Extended attributes are metadata (key/value pairs) that you can apply to files, directories, and symlinks. For example, a program could store the mime-type of a file in an attribute to prevent the need to look it up in future. Extended attributes are nice, because they are stored in/near the file inode, making them cheap to use if you are going to be using the file anyway. Beagle uses them internally and suffers quite a bit when it has to resort to using a traditional database instead.

I’ve also been working on improving the unicode handling in the System.Uri class, which is pretty nasty.

Extended Attribute Mono bindings

After seeing it requested, I recently ported some of the Beagle code for manipulating extended attributes on files into the core Mono library base. It’s been added in the Mono.Unix.Syscall class, which is set to replace Mono.Posix.Syscall once Mono 1.2 is released and widespread.

This is my first contribution to Mono, with thanks to Jon Pryor (Mono.Unix maintainer) who pointed out that my first attempt at this was incorrect, and kindly went out of his way to describe the possible solutions in depth. Now to write some usage documentation…

Problems with GConf#

Beginning to wonder if GConf for the configuration system was such a good choice after all. I’m getting slightly random Segfaults (yes, segmentation faults from a mono application, I thought it was odd too..).

Everything has been going according to plan until I start adding live update notification, so that beagled can immediately realise when a config option has been changed. Then (most of the time), when I change the configuration, I get segfaults before control is passed back to beagled. I’ve been advised that this might be a threading issue – I can’t get my head around why this might be the case, but then again, I can’t reproduce it in a simple test app.. Hmm…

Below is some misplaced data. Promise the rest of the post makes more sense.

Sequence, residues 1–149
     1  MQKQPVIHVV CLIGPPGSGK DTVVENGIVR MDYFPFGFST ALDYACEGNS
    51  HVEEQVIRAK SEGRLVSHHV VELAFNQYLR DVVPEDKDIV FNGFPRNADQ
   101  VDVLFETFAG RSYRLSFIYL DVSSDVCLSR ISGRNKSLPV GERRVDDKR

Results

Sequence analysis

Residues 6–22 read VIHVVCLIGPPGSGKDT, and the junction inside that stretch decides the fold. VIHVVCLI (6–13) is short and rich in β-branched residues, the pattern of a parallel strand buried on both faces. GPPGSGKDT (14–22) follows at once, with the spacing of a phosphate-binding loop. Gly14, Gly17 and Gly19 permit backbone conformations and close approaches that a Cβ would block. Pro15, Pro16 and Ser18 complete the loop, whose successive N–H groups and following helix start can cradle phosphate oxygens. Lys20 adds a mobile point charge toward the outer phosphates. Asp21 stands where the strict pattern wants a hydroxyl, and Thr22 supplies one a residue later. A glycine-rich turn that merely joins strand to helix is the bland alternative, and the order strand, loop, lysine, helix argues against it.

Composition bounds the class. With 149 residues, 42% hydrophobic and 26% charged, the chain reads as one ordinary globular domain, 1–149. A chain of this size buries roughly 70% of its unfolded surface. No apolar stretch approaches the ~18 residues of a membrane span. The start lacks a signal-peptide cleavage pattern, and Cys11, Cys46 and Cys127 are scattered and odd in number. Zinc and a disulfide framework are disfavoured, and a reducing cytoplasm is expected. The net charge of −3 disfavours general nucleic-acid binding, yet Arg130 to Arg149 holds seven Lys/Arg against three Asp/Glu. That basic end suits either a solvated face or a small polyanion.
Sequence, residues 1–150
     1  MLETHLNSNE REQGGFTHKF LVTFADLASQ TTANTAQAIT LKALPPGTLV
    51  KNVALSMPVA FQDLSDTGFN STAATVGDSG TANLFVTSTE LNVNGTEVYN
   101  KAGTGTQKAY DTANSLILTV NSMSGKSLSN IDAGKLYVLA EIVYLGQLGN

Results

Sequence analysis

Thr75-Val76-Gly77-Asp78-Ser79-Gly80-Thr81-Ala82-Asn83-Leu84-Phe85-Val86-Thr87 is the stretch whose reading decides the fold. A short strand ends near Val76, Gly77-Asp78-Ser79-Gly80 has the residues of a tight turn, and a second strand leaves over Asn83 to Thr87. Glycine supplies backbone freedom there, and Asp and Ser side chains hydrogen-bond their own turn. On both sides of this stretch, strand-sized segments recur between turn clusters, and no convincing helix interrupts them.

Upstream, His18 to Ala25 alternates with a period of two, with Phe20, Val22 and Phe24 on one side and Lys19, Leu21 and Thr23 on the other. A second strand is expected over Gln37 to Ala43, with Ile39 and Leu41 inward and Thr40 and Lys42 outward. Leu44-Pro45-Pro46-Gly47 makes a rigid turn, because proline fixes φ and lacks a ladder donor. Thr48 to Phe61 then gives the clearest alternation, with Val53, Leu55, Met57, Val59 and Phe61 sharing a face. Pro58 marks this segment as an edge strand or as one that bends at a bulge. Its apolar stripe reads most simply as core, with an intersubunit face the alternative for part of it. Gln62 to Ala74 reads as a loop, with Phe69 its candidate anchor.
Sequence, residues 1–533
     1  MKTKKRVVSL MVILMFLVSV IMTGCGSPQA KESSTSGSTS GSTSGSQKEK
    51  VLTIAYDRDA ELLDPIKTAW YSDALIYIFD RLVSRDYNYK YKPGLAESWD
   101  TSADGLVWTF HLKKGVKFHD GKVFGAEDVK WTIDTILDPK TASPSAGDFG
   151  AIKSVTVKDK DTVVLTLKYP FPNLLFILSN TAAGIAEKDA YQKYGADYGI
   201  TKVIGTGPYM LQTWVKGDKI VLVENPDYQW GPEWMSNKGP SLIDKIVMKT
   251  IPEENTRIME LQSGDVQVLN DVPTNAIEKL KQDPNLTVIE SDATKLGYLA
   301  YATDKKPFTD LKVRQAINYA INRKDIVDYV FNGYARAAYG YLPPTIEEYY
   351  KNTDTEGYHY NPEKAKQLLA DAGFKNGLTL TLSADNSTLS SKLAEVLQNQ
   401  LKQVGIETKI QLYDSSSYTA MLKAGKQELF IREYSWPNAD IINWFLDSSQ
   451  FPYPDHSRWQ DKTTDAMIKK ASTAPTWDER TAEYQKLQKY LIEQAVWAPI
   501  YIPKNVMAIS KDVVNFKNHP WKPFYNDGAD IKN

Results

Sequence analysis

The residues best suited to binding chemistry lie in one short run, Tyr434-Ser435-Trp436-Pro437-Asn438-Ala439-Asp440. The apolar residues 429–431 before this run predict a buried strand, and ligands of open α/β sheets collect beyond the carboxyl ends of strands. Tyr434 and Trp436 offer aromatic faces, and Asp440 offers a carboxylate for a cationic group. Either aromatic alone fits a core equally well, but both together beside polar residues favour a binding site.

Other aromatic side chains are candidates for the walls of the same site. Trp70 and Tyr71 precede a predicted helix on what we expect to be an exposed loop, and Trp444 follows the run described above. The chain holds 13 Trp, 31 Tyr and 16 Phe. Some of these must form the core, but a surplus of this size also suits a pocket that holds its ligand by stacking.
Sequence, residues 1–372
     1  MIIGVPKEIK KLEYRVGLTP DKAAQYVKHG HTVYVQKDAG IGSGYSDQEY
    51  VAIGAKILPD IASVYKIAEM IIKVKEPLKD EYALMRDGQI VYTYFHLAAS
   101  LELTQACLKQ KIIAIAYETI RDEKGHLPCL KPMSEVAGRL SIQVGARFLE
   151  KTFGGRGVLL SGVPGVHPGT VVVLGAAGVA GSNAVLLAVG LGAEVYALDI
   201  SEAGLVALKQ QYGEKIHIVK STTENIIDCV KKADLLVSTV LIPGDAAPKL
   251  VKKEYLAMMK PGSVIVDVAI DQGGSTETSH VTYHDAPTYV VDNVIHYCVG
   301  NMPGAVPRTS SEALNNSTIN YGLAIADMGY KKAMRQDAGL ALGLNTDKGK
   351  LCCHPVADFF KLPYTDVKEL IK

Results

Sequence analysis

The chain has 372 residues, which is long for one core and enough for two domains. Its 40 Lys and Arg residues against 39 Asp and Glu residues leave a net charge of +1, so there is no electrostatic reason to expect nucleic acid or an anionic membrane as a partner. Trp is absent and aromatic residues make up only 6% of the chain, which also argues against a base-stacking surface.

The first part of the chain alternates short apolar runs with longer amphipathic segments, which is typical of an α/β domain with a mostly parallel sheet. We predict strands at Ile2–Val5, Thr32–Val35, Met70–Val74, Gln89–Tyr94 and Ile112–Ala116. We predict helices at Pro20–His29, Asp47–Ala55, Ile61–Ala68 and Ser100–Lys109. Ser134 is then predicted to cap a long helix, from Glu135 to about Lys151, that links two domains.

On another note, I managed to sort out a problem with the timing of one of my exams which means I can now make GUADEC – I’ve got my flight booked :)

Beagle configuration system “preview”

Finished the basic implementation of the configuration system. As previously mentioned, this is based on GConf.

It’s far from complete: you have to choose your settings before beagled is running, or restart beagled after changing the configuration for the new settings to take effect. You can’t do much in the way of configuration right now, but you can add more filesystem roots to be indexed.

It includes a new command line tool, beagle-config. For a demo, read the full post.

I’ve posted it to bug 172283 (direct patch link here). There’s some implementation details included at the top of the patch.

Read on for an example of beagle-config… It’s quite fancy as the configuration app itself is quite simple (and will be simplified further) – it pulls everything (the list of configuration “sections”, the operations you can perform, their descriptions, the invokation output) from Beagle.Util.Conf.

Continue reading

Planet Beagle

I’ve noticed that I’m now aggregated onto Planet Beagle. I have no idea who maintains this, but thanks! As a result of this, I’ve started writing more about my beagle work, see yesterdays and todays posts on the configuration system I’m working on. Comments welcome. I’ll hopefully post a basic and working implementation before the end of the week.

I finally recieved my exam timetable today. It’s mostly good news because it means that attending GUADEC is possible, even if I do have to take risks with a Java exam before I fly out, and fly back a day early in order to catch my maths exam. Also looks like I’ll get to meet Stefan while out there. If any other Gentoo’ers are thinking of attending, please let me know!